How Emotionally Immature Parents Can Impact You

“I had a great childhood – my parents never hit me.” Physical and sexual violence are often how we qualify whether we had a positive or negative childhood, but the spectrum of harm/benefit is much broader. 

The concept of the emotionally immature parent was introduced by psychologist Lindsay Gibson in her book of the same name. She addressed the dilemma so many people face – while their parents weren’t overtly abusive, there was still a lingering sense that something was off. 

You may have an emotionally immature parent if you:

  • Experienced frequent criticism and tried to be perfect to earn praise
  • Currently struggle with perfectionism
  • Withheld your own feelings from your parent(s) out of fear of a negative, rejecting, or minimizing reaction
  • Felt that your parent’s love and acceptance was conditional
  • You parent(s) seemed like a different person in public versus at home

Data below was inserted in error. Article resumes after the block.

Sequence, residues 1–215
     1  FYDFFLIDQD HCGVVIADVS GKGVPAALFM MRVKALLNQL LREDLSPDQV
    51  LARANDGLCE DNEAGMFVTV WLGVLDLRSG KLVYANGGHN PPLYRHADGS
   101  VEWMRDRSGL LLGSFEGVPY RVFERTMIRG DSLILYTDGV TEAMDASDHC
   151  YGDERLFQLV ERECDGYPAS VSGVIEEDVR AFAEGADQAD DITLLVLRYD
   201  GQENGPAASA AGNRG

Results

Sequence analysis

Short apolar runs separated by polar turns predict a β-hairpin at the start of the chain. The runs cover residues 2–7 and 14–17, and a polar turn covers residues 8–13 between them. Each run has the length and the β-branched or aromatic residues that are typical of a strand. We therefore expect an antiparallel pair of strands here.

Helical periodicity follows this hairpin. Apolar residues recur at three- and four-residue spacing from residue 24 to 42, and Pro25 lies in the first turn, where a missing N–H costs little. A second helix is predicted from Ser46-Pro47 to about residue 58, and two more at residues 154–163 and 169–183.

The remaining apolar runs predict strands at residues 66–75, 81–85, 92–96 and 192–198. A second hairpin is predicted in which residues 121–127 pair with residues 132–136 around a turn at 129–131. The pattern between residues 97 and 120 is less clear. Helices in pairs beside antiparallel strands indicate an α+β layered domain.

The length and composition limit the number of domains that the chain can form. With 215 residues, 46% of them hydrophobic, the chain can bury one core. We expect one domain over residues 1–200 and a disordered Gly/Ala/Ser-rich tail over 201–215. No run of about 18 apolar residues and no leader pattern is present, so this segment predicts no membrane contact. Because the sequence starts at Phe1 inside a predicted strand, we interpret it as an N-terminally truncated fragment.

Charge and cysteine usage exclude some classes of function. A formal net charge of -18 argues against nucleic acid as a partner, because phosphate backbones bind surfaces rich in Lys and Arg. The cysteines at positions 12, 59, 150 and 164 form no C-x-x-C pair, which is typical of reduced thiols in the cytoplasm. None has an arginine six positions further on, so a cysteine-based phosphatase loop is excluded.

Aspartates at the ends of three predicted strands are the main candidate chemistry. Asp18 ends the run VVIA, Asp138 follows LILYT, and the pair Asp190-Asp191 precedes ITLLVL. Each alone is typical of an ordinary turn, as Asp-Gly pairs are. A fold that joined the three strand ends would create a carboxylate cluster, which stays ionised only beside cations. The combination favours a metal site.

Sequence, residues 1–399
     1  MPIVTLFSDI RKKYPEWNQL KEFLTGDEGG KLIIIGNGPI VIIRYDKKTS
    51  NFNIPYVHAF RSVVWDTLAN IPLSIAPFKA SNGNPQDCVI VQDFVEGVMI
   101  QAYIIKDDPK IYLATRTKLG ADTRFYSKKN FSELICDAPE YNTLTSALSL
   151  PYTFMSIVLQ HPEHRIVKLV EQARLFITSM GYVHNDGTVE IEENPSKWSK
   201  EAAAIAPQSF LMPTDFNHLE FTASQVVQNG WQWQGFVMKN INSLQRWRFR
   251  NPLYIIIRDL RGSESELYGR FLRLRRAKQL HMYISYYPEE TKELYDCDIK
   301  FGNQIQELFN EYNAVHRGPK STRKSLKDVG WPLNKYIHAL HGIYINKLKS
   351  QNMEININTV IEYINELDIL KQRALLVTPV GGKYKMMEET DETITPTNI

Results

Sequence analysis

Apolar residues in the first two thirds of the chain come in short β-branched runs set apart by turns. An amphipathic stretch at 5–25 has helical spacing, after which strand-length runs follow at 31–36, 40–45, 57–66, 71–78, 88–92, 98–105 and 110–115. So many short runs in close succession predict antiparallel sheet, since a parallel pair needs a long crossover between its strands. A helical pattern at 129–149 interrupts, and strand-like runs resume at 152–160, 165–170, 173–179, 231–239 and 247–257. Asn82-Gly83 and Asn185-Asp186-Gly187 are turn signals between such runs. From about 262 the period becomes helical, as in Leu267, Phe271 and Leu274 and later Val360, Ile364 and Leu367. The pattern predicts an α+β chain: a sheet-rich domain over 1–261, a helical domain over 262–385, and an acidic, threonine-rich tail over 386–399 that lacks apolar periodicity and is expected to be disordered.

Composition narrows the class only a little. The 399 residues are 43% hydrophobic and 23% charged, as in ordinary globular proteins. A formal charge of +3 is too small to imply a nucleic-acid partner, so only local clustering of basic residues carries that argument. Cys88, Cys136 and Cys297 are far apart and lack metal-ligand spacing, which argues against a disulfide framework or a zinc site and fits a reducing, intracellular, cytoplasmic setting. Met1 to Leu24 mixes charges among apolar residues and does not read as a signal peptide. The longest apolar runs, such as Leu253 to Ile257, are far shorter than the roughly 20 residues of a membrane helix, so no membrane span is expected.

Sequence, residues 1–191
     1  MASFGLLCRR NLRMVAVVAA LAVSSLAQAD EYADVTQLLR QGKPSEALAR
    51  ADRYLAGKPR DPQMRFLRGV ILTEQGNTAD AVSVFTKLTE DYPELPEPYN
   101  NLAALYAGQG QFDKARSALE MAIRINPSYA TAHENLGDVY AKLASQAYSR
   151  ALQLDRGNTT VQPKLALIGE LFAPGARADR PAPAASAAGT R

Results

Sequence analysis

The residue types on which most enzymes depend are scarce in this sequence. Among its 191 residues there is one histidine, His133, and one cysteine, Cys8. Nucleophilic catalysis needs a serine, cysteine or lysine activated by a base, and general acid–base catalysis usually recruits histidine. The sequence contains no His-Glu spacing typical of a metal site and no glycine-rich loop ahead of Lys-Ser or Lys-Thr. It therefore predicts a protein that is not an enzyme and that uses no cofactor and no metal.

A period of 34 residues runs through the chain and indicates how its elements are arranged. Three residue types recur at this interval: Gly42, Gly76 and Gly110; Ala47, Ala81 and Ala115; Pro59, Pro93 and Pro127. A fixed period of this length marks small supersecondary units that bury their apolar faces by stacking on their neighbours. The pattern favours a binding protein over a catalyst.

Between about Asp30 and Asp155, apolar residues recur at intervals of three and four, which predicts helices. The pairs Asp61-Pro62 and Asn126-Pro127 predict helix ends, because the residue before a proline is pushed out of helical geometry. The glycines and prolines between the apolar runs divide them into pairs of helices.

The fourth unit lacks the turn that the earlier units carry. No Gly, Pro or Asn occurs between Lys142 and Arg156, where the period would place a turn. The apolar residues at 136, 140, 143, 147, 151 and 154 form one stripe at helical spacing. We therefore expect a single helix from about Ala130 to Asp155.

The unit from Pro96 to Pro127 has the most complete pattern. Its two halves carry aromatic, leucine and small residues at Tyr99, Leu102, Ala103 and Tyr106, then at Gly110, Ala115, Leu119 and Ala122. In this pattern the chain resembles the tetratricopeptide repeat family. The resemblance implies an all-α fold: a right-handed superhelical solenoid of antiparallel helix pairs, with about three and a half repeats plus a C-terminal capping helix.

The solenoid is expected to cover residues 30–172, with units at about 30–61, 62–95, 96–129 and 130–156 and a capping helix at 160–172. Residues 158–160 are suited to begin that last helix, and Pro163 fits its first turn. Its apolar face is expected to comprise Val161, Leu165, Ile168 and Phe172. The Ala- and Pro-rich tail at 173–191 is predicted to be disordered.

• Your parent(s) become defensive whenever you try to address conflict or ask for change.

Getting Support

While it would be great if we could get all of our caregivers to go to therapy to become healthier, more accountable humans, we all know that isn’t going to happen. Where our caregivers can’t make changes, we can.

Exploring the impact of an emotionally immature parent can involve the following steps:

  • Identifying the messages we learned from parents that shape our current relationships
  • Exploring our relationship with anger, fear, and love
  • Experimenting with boundaries
  • Learning self-compassion
  • Re-parenting ourselves

Learn More


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